Paying To Have A Job: The Summer Internship Struggle

If you want academic credit for your summer internship, expect to economically break even or break the bank.

If you want academic credit for your summer internship, expect to economically break even or break the bank.

Sara Moriarty, Feature Editor

It’s that time of year again- time to hunt for summer jobs or internships. Last year I was lucky enough to receive a paid internship over the summer, one that did not require receiving academic credit. I enjoyed my interning experience and learned more than I ever have in any traditional class, all the while getting paid several dollars above minimum wage.

But the reality is that most internships are not paid. I understand that companies probably don’t have the funds to pay interns, but interning is work and people who can afford to hold down an unpaid internship over the summer are lucky.

People who can afford to receive credit for an un-paid summer internship are luckier.

I am currently facing the fact that I may not receive a paid internship this summer. As I wait patiently and nervously for emails and callbacks to schedule interviews, I know that there is a chance that people more qualified than me may get the few and far between paid positions, leaving me with the options of getting a job as a waitress or cashier…or taking an unpaid internship.

The option of taking an unpaid summer internship may be out of the question for me, however. A part-time unpaid internship sounds reasonable enough, as I would have time to pick up a part-time job as well. But, many of these unpaid internships require travel expenses and academic credit (not all do.) I would love to get academic credit for my work over the summer, but, of course, there is a catch.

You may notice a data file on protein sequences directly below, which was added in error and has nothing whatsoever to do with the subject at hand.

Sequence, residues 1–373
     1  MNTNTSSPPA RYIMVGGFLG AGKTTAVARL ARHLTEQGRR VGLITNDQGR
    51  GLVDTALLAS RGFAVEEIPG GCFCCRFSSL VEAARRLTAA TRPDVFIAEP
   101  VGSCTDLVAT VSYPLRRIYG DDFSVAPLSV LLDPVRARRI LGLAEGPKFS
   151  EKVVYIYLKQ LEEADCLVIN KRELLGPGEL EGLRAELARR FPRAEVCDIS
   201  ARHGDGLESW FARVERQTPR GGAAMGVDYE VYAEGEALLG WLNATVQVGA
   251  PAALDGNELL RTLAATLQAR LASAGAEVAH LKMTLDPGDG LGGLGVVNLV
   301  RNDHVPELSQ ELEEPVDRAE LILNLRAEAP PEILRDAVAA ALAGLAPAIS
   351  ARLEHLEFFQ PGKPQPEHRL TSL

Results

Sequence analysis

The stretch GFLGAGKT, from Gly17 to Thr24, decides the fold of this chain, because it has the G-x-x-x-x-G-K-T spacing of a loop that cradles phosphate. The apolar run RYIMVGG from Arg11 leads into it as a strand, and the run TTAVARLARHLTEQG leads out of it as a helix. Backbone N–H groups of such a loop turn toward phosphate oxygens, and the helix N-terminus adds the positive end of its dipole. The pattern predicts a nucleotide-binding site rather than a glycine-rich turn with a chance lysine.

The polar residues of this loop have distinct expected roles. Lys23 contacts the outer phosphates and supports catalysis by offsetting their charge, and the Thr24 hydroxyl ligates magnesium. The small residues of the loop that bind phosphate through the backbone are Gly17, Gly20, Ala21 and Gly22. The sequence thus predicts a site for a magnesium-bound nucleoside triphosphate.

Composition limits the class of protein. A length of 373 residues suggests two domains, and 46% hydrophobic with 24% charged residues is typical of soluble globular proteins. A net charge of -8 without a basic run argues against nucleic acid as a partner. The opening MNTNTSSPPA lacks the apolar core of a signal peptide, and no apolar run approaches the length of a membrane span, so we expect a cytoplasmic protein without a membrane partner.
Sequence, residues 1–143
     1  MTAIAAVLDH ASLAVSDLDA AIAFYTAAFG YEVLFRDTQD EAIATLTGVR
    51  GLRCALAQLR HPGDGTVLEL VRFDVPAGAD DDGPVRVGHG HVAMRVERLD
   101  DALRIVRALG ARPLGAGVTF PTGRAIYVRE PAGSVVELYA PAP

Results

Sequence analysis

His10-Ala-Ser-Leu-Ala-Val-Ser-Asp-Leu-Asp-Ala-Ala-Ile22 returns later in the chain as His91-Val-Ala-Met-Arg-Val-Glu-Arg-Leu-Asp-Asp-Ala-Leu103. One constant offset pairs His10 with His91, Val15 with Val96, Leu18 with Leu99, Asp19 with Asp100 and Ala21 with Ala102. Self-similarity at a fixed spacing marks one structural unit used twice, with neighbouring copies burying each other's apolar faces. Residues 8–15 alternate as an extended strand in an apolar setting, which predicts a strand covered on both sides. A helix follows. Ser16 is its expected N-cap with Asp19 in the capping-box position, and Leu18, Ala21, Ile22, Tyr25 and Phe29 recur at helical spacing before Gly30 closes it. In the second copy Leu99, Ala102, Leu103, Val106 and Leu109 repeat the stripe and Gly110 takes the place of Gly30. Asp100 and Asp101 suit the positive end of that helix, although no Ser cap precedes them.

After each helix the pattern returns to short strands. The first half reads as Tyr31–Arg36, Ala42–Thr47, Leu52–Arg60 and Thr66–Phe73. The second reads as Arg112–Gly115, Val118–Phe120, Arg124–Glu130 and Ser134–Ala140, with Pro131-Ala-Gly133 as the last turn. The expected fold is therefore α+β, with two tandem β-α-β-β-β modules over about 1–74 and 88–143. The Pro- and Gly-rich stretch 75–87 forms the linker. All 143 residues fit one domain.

In order to take summer classes within Pace University’s Dyson College of Arts and Sciences, you need to pay for the credits. This is understandable, yet expensive, with credits for undergraduate summer classes at Pace costing $918 per credit.

In order to receive credit for a summer internship, you also need to pay for the credits. To my understanding, internships are three credits. So, to get credit for a summer internship, a student will need to shell more than $2000.

Last semester I asked an academic advisor for Dyson College about receiving internship credit. I was told that if an internship is completed over the summer, the credits must be paid for as summer credits and cannot roll over as credits for the fall semester.

Thus an unpaid, for-credit summer internship would leave my bank account in the negative.

Travel expenses also need to be taken into account (although I do believe some internships provide travel stipends.)

My advice to Pace students is to meet with your career counselor to discuss options for the summer; your counselor might clue you in on ways to get funding for internships or programs that offer funded internships.

I would like the University to consider allowing credits received for summer internships to “roll over” and count as part of fall coursework. This would allow responsible, driven students to pay the same tuition price for the year and still be able to take on a 15-credit course load. The maximum credits one can take per semester is 18, so three of those would be taken over the summer, still leaving the student able to take on a full course load during the fall semester.

This would allow for students to be able to have a rewarding summer experience without paying on top of tuition for the fall and spring semesters.

That being said, taking on an internship during the fall and spring semesters is completely doable, as many students are able to schedule accordingly to have time to travel to the internship.

But I’d still love it if I could get credit for a summer internship without paying. My major is Communications, which requires that I complete at least one internship for credit. It would be convenient to spend my summer completely this credit requirement while also devoting my time fully to the internship and networking.

I probably won’t be able to make as many connections or learn as much from being a grocery store cashier. Oh well.